Wireless devices generally communicate using radio-frequency (RF) technologies, in which a carrier RF wave is modulated by a data signal having a signal frequency distribution. RF receivers are designed to receive the RF-modulated signal and extract the data signal for further processing. In digital communication systems, this further processing is generally done after conversion of the extracted analog signal back to the digital domain. In standard heterodyne receivers, the data signal is extracted by mixing the received RF signal with the output of a first local oscillator operating at a frequency less than the carrier frequency, thereby generating an intermediate-frequency (IF) signal. The IF signal is then filtered and amplified before being converted to the baseband. Conversion to the baseband generally involves mixing the IF signal with the output of a second local oscillator operating at the intermediate frequency.
Recently, there has been increased interest in direct-conversion, or zero-IF, receivers as an alternative to heterodyne architectures. In zero-IF receivers, there is one local oscillator operating at the carrier frequency, and the received signal is converted directly to the baseband without IF signal processing. Such receivers typically require simpler analog components than heterodyne receivers (e.g., analog filters and amplifiers for zero-IF receivers operate in the baseband rather than at a nonzero intermediate frequency) and consume less power. Because zero-IF receivers can operate at lower power and be more easily integrated into monolithic systems than heterodyne receivers, such receivers are recognized as potentially very useful for applications where low cost, low power consumption, and small size are important, such as various wireless mobile handheld devices.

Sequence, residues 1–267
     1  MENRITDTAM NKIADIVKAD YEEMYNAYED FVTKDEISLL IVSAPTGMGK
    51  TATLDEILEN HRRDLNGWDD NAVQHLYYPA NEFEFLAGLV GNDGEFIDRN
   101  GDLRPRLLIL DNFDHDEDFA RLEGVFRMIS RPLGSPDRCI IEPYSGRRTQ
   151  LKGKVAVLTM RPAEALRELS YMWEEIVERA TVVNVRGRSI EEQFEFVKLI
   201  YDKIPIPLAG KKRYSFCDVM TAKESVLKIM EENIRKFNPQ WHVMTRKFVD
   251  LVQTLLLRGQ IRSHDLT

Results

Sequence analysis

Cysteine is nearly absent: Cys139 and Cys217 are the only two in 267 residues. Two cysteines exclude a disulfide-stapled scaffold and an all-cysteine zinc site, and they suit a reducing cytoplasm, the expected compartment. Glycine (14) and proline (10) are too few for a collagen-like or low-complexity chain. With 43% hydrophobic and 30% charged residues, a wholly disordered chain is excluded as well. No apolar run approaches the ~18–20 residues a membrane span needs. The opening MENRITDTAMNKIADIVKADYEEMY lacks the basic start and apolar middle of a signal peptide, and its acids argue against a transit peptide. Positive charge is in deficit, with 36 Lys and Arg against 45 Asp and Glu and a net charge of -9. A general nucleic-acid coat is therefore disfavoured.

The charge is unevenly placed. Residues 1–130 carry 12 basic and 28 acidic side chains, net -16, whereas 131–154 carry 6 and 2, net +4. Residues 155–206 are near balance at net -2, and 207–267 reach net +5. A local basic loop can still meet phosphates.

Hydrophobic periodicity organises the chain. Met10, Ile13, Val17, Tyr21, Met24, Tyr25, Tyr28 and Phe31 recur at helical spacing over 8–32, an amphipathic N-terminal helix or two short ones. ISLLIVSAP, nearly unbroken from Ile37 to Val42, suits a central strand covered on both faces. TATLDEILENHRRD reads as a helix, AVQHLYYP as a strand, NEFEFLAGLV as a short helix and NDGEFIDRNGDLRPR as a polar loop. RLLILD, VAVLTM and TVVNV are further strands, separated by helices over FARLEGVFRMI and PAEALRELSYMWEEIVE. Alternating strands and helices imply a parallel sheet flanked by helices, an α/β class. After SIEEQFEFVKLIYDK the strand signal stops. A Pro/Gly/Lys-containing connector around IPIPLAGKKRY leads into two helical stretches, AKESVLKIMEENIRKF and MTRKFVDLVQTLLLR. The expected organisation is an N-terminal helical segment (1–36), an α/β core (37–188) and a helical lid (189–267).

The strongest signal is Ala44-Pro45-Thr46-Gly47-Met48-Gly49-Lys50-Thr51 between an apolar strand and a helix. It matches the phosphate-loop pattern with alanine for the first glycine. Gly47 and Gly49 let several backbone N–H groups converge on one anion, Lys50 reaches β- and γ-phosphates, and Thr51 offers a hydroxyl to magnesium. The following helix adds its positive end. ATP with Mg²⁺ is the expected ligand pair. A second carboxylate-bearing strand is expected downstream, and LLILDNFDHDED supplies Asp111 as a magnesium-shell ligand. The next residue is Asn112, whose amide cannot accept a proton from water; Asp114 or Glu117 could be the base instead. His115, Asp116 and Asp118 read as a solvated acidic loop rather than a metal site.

Zero-IF receivers, however, are susceptible to noise from sources including DC offset and carrier frequency offset. “DC offset” refers to a nonzero voltage that appears at the mixer output in the absence of a data signal. DC offset is caused, for instance, by current leakage from the receiver's local oscillator (which operates at the carrier frequency) to the mixer or other RF components, e.g., an RF amplifier. This leakage current can be propagated into the mixer, leading to a DC offset in the baseband signal.